|Box / Folder||MOS01|
|Folder Scope & Content||Cottage of Israel - Scrapbooks Contents|
|Collection||Morris Showel Collection|
|Collection Location||Special Collections & University Archives|
|Dates of Creation||1948-1995|
|Dates of Accumulation|
(MOS) - Morris Showel Collection - Accession # 1998.01
Contents of scrapbooks from the Cottage of Israel in Balboa Park, 8 of which were donated by the Menakers in 2003
Announcements, programs, photographs, news articles, cards, notices, PR materials and other commemorative items pertaining to the Cottage of Israel at Balboa Park arranged by year and extracted from several scrapbooks.
The House of Israel, formerly known as the Cottage of Israel, is one of the 29 exposition cottages that make up the House of Pacific Relations located in Balboa Park, San Diego, California. The House of Pacific Relations came into existence in 1935 as an expression of the vision of the late Frank Druggan, following the California Pacific International Exposition of which he was president. Through the House of Pacific Relations, Druggan hoped to promote an exchange of values and understanding among peoples of diverse national and ethnic origins.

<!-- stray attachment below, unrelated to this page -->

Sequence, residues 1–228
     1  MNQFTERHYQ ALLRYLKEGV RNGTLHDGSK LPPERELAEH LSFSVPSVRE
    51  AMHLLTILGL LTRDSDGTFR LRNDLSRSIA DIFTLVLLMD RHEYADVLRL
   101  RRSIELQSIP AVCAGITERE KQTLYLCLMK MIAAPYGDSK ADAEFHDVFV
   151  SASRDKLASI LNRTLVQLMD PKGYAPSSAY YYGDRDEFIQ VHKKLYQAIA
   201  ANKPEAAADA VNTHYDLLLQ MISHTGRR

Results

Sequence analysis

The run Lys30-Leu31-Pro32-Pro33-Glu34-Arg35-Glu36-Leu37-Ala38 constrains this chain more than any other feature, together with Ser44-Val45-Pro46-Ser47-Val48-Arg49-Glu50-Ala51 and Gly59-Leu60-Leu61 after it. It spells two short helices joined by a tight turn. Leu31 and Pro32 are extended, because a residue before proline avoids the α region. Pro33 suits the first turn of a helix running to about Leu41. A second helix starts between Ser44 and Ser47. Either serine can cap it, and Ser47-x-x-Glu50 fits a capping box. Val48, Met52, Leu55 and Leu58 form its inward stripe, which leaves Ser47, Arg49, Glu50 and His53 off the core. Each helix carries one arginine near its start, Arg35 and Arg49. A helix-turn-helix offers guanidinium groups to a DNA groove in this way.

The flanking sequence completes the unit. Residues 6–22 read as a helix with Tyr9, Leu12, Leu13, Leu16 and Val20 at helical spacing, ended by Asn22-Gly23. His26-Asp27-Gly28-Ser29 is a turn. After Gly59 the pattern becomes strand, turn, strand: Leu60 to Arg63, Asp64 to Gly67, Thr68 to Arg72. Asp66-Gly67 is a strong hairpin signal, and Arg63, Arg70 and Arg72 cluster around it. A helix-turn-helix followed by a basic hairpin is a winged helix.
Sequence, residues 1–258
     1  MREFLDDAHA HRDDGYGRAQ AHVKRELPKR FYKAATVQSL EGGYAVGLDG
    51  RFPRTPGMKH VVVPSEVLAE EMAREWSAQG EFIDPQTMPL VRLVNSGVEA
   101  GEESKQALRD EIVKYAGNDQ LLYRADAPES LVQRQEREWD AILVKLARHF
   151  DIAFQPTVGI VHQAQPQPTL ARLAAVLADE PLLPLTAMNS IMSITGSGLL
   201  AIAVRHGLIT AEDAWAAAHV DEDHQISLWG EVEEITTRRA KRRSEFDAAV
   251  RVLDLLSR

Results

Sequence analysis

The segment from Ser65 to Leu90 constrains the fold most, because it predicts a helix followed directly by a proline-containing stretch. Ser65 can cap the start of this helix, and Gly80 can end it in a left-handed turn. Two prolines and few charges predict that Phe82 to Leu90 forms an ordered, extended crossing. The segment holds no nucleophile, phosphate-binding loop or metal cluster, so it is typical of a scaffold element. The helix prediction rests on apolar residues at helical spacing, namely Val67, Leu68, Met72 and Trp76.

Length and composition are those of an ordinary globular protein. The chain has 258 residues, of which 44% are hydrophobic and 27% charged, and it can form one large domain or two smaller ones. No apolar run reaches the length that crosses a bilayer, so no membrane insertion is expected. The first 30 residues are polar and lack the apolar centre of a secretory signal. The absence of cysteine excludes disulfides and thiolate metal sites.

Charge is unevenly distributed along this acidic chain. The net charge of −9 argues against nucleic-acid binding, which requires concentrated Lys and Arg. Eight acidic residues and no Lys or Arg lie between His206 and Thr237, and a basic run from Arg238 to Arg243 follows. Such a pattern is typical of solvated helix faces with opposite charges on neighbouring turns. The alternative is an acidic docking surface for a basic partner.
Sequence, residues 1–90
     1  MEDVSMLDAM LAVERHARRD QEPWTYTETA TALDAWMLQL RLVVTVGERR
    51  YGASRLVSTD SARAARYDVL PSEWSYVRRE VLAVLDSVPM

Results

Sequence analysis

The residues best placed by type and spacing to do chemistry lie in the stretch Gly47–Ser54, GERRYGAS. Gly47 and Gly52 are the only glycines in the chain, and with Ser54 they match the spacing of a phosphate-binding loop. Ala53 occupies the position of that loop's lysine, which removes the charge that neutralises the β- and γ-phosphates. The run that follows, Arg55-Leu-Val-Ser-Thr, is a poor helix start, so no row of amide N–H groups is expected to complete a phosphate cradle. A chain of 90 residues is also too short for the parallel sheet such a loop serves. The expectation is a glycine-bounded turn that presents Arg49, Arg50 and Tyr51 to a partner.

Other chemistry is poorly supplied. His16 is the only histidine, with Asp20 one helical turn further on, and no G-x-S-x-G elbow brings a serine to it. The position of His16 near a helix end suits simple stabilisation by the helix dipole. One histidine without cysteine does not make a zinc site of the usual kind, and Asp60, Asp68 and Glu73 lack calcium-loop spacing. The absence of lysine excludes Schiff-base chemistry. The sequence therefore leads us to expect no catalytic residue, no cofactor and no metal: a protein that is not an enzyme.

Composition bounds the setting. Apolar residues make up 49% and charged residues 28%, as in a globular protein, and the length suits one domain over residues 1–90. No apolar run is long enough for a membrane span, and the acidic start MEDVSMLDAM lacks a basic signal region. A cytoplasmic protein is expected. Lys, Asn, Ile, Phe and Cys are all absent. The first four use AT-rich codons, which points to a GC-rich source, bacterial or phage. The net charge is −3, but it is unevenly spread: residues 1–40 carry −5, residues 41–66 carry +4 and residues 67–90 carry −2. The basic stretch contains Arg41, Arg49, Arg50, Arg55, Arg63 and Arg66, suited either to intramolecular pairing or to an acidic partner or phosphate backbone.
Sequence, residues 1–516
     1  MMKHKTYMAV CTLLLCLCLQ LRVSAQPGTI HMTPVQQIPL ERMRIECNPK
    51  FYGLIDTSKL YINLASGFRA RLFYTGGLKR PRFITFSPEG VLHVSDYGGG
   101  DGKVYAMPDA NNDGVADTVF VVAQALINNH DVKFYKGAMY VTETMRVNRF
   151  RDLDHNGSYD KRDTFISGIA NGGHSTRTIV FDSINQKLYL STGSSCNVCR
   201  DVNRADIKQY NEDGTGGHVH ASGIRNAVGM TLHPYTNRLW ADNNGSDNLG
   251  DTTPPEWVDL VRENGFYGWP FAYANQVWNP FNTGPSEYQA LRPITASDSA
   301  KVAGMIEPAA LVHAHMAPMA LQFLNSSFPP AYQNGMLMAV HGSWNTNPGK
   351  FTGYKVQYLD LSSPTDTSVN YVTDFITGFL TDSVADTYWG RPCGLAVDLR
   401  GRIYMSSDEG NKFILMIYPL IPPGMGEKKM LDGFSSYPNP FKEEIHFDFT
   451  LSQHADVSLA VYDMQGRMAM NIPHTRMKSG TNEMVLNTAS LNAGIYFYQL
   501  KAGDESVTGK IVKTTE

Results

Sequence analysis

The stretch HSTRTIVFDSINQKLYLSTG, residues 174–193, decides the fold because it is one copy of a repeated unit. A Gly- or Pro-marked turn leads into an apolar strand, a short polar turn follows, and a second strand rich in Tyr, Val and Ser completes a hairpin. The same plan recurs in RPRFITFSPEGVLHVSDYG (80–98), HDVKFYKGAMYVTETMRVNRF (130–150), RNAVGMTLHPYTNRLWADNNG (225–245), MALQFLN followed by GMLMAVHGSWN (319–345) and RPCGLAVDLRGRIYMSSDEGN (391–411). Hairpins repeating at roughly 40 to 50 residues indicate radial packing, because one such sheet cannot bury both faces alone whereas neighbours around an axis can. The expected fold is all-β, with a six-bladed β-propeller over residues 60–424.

At the close of the 1935 Exposition, a group of small buildings were declared superfluous. These structures were leased by the House of Pacific Relations and sub-leased to the various national and ethnic groups. Each group, by displaying in these structures its cultural and ethnic exhibits to the public, and by working with one another to promote their common objectives have been very successful. These groups by working together in a harmonious and friendly atmosphere demonstrate how national entities are making unique contributions and enriching the social pattern of American life.
At the inception of the modern state of Israel, Dr. Abraham Nasatir of San Diego State University, made application for a Cottage of Israel to the House of Pacific Relations, which was approved. The Cottage of Israel was opened to the public in August of 1948 - three months after the establishment of the modern state.
The operation of the Cottage of Israel was directed by a Board elected at an annual meeting by the general membership. Membership was open to anyone interested in Israel. The Cottage, which still exists today, has many permanent displays, both historical and religious, donated by people from their private collections.